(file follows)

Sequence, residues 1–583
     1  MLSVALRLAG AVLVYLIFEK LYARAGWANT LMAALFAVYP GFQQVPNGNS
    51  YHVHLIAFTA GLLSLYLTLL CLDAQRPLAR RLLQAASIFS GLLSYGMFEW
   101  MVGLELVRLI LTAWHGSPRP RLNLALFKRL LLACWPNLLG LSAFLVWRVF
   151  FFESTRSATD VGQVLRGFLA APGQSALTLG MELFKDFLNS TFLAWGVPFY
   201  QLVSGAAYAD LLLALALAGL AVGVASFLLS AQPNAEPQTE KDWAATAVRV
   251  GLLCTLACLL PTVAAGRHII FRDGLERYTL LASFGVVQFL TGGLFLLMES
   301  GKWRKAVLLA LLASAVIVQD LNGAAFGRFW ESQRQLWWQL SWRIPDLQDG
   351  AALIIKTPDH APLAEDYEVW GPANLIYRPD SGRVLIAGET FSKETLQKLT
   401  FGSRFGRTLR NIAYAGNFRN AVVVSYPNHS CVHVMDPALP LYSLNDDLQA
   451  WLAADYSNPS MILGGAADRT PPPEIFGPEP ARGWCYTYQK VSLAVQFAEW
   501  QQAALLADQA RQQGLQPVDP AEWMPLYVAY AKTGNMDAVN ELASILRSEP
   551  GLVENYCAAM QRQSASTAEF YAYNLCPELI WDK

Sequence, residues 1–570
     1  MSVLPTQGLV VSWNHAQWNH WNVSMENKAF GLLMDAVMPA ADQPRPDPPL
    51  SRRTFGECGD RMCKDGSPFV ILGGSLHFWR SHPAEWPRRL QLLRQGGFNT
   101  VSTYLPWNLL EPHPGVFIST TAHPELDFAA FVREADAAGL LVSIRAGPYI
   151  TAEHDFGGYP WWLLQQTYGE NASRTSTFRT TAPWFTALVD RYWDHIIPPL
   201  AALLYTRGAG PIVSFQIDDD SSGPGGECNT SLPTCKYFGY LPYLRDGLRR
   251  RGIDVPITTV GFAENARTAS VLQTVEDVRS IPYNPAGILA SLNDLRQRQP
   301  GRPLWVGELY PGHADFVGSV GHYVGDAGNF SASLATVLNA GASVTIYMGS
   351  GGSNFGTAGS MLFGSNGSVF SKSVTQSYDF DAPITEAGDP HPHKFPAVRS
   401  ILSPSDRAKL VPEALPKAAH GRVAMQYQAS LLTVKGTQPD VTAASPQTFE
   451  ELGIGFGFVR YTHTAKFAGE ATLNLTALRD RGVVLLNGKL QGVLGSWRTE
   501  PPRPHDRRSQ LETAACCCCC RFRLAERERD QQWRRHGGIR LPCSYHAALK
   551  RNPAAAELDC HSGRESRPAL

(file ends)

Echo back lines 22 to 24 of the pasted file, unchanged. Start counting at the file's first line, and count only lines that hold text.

   351  GGSNFGTAGS MLFGSNGSVF SKSVTQSYDF DAPITEAGDP HPHKFPAVRS
   401  ILSPSDRAKL VPEALPKAAH GRVAMQYQAS LLTVKGTQPD VTAASPQTFE
   451  ELGIGFGFVR YTHTAKFAGE ATLNLTALRD RGVVLLNGKL QGVLGSWRTE